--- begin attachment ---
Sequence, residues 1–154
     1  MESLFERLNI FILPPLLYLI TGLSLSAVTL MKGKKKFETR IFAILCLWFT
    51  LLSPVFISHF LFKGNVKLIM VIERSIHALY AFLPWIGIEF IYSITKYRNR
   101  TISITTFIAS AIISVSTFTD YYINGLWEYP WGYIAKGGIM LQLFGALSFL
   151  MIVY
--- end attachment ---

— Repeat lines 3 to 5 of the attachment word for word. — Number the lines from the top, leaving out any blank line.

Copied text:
    51  LLSPVFISHF LFKGNVKLIM VIERSIHALY AFLPWIGIEF IYSITKYRNR
   101  TISITTFIAS AIISVSTFTD YYINGLWEYP WGYIAKGGIM LQLFGALSFL
   151  MIVY